The Gaiola Underwater Park, a stone’s throw from downtown Naples, is a protected marine area in the city’s gulf, right in front of the Posillipo quarter. The coast there is “the most evocative landscape in the area. It is a steep, tuff cliff where natural and artificial caves and nooks open up. The remains of a number of Roman villas have emerged both on land and under water here, proving how much this area was populated and appreciated in antiquity for its view, and also bearing testimony to the local bradyseismic activity” (L. De Maria – R. Turchetti, “Rotte e porti del Mediterraneo dopo la caduta dell’Impero romano d’Occidente”, Rubettino, Soveria Mannelli 2004).
The vestiges of the old buildings scattered on the park’s sea bottom are the submerged parts of one of the many ancient buildings that used to be here: the Imperial Villa of Pausilypon, which belonged to Vedio Pollione, a freedman and friend of Emperor Augustus.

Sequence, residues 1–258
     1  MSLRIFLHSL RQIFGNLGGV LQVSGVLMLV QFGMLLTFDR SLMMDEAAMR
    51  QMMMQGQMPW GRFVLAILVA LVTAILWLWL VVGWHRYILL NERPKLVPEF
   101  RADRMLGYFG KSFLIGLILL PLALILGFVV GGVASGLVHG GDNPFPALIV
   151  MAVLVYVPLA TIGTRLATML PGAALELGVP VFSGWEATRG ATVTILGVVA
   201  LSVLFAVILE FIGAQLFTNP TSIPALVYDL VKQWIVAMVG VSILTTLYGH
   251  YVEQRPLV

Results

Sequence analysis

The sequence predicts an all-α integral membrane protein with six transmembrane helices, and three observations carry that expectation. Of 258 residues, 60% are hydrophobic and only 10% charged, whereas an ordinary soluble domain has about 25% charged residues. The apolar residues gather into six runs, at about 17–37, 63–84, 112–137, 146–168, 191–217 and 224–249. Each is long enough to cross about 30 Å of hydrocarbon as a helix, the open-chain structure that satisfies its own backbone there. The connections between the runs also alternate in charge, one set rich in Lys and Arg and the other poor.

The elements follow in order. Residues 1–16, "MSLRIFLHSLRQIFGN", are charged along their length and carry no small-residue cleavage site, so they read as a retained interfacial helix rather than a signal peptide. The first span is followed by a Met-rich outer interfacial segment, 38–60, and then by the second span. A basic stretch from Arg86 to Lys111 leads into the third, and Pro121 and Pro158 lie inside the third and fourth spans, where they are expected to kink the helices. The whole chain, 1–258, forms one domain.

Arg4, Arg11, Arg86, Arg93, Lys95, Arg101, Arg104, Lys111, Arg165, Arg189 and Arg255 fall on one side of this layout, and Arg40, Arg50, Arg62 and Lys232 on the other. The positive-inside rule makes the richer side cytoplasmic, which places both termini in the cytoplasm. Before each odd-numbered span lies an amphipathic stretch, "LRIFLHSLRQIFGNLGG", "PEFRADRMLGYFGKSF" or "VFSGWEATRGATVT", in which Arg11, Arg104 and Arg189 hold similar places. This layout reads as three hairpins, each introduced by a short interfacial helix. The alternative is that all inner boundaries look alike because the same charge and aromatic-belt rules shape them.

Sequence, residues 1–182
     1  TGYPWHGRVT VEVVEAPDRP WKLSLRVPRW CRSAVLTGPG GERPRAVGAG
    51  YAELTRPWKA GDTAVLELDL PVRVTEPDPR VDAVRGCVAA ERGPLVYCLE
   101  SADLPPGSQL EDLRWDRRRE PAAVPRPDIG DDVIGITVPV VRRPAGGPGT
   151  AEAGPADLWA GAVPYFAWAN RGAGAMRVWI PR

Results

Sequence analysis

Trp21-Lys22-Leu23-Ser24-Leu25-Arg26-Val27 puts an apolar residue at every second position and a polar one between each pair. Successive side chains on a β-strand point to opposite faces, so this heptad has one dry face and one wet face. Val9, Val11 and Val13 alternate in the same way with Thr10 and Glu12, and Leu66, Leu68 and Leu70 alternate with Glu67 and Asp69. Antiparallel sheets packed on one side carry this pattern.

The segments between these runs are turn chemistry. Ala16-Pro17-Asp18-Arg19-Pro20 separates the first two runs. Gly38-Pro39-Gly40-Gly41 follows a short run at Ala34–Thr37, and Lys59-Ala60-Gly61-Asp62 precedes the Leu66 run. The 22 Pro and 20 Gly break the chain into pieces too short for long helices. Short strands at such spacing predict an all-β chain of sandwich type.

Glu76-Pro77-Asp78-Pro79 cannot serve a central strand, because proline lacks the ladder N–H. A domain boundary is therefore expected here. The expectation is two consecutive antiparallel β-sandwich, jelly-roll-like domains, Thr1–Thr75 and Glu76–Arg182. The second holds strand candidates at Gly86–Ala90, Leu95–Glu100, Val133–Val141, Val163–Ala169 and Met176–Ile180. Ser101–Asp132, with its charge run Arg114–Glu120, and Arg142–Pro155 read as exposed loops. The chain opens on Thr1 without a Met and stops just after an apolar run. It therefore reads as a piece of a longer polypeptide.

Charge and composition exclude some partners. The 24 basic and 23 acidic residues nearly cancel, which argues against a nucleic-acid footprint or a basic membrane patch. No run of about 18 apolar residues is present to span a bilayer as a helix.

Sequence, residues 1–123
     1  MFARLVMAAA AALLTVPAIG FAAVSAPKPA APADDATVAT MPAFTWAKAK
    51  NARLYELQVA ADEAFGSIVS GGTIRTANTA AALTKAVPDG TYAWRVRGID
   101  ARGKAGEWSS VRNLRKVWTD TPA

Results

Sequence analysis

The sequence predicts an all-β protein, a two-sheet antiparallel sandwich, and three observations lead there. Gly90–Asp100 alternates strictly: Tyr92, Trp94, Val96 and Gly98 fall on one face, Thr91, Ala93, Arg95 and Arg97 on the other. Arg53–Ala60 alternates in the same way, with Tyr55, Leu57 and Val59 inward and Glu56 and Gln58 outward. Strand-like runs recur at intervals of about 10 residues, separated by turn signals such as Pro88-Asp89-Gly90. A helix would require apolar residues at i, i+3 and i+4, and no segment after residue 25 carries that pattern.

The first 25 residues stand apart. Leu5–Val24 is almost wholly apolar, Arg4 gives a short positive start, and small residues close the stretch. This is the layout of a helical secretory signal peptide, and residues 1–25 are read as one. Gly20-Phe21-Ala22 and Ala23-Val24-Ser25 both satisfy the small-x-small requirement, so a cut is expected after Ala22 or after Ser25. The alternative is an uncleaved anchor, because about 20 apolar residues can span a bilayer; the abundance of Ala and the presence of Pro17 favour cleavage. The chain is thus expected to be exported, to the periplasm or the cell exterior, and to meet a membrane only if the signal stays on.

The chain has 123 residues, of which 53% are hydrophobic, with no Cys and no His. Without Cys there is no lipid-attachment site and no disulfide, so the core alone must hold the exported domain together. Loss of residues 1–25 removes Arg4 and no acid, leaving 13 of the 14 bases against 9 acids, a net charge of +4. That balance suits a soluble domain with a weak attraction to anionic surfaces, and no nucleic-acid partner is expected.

According to “Rotte e porti”, “The complex was built in the 1st century BC and was used until late-Imperial Age. The submerged remains of the Villa’s harbor can be seen along the seaboard, in ‘opus pilarum’; a number of remains from other buildings – perhaps thermal baths or nymphaei – also emerge from the water. The latter go down up to 3.7 meters under sea level, while marine abrasion has left traces on ruins up to 2 meters under”.
The 42 hectares of this underwater park are home to a remarkable flora and fauna – take a guided tour to sigh some of the many Mediterranean species living here.
All in all, above or under water, Gaiola is a gem of nature and history.